Mobile News Apps Offer More Convenience But Less Choice


(Rob Pegoraro/Yahoo Tech).

Did you see the story about the app-ification of news? It was a great Instant Article on Facebook… which I learned of from a Twitter Moment… and then saw promoted on Snapchat Discover… no, wait, it was on Apple News first.

For an industry supposedly devoid of a sustainable business model, the news is getting a lot of attention from social networks and mobile-app developers. As a journalist, I have to say this newfound interest is kind of gratifying.

But the new news is not necessarily good news. Whoever makes those apps determines what you see on them and where you can use them, and these apps can also be influenced and even controlled to some degree by forces even larger than Apple, Facebook, Snapchat, or Twitter.

News you can use

These experiments in compressed news delivery all exist for the same basic reason: To make it easier to read a story, while at the same time discouraging you from clicking or tapping anywhere else to do it.

Snapchat’s Discover and Twitter’s Moments do so by building a kind of pelletized article format on top of each service’s basic design.


On the left, Snapchat’s Discover news clipping app; on the right, Twitter’s editor-curated Moments.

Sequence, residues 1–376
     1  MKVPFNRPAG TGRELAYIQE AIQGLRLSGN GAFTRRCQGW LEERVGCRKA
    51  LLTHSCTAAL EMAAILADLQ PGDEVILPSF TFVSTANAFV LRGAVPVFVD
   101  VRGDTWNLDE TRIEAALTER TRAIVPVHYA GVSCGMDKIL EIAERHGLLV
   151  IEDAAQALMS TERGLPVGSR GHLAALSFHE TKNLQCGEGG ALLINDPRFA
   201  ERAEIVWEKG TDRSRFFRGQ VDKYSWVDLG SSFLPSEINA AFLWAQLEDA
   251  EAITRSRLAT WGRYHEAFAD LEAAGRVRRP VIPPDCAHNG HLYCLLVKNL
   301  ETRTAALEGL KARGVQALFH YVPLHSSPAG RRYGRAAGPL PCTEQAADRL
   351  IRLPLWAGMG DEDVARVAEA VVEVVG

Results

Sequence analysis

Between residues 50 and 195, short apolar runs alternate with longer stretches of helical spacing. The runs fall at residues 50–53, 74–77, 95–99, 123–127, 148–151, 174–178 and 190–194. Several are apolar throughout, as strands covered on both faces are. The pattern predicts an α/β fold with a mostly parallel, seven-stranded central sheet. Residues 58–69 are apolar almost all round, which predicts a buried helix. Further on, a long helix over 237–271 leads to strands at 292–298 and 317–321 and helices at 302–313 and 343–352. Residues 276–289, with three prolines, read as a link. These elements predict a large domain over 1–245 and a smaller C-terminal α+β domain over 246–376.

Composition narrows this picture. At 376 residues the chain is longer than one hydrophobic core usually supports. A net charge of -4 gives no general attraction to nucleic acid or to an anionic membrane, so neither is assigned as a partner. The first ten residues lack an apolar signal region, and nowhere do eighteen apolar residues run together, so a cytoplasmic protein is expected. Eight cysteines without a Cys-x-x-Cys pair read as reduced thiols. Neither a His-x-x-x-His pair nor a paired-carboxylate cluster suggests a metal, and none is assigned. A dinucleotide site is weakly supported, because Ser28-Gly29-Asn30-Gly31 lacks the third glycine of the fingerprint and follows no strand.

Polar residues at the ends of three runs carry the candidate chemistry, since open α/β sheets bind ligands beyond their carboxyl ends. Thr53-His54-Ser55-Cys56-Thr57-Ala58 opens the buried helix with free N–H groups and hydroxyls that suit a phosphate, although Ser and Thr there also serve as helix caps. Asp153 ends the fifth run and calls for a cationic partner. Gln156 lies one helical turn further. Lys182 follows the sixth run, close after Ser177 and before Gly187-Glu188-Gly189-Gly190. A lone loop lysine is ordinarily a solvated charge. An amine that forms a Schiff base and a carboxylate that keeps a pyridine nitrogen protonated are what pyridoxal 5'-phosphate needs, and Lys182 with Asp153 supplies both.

Discover, introduced in January, provides snackable snippets of video and text from 15 partner sites. For instance, yesterday Mashable was offering a clip of New York Comic Con cosplayers holding up cards identifying their day jobs, while National Geographic’s “Park of the Week” feature highlighted England’s New Forest National Park.

Moments, launched a week ago, presents selected tweets and vines about a breaking news topic, as selected by Twitter’s editors. The selection Monday highlighted a Lego art project in New York as well as Twitter responses to Iran’s reported conviction of Washington Post journalist Jason Rezaian after 447 days of imprisonment.

(Full disclosure: Either of those features could be considered competition for the Yahoo News Digest app published by this site’s parent company. We are forbidden to reveal which of these is our favorite.)


Apple’s News (left) and Facebook’s Instant Articles promise to speed your read by removing ads and other annoyances.

Facebook’s Instant Articles and Apple News, meanwhile, streamline traditional story formats and lock them into each company’s respective orbit. You get the same words and images as in the original, but each loads dramatically faster—thanks in part to the absence of most of the usual advertising and social-media cruft that gums up too many stories online.

Last week, Google introduced its own answer to Instant Articles and Apple News, a tuned-up mobile-news format called Accelerated Mobile Pages. “AMP” dumps a lot of traditional Web coding for more efficient, open-source replacements, then provides a further boost by caching on Google servers.

Choice versus convenience

Okay, so we’re looking at having the news show up faster and with fewer ads. What’s not to like about that? Well, lack of choice, for one thing.